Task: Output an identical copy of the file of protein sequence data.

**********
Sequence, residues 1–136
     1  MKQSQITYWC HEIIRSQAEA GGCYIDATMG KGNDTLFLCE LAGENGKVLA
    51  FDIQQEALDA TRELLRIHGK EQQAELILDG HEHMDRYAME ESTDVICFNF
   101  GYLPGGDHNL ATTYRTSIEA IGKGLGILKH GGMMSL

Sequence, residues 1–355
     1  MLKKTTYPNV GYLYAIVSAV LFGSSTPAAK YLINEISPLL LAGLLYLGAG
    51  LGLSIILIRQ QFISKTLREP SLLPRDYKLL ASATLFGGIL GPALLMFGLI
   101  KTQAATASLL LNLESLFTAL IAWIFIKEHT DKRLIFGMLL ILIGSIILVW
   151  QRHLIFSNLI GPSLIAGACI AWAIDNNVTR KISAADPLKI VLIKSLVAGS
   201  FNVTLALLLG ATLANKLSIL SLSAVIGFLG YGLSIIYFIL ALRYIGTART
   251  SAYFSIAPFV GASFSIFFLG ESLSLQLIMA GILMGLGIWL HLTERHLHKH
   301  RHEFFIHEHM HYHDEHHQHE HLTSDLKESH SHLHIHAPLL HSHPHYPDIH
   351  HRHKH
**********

Sequence, residues 1–136
     1  MKQSQITYWC HEIIRSQAEA GGCYIDATMG KGNDTLFLCE LAGENGKVLA
    51  FDIQQEALDA TRELLRIHGK EQQAELILDG HEHMDRYAME ESTDVICFNF
   101  GYLPGGDHNL ATTYRTSIEA IGKGLGILKH GGMMSL

Sequence, residues 1–355
     1  MLKKTTYPNV GYLYAIVSAV LFGSSTPAAK YLINEISPLL LAGLLYLGAG
    51  LGLSIILIRQ QFISKTLREP SLLPRDYKLL ASATLFGGIL GPALLMFGLI
   101  KTQAATASLL LNLESLFTAL IAWIFIKEHT DKRLIFGMLL ILIGSIILVW
   151  QRHLIFSNLI GPSLIAGACI AWAIDNNVTR KISAADPLKI VLIKSLVAGS
   201  FNVTLALLLG ATLANKLSIL SLSAVIGFLG YGLSIIYFIL ALRYIGTART
   251  SAYFSIAPFV GASFSIFFLG ESLSLQLIMA GILMGLGIWL HLTERHLHKH
   301  RHEFFIHEHM HYHDEHHQHE HLTSDLKESH SHLHIHAPLL HSHPHYPDIH
   351  HRHKH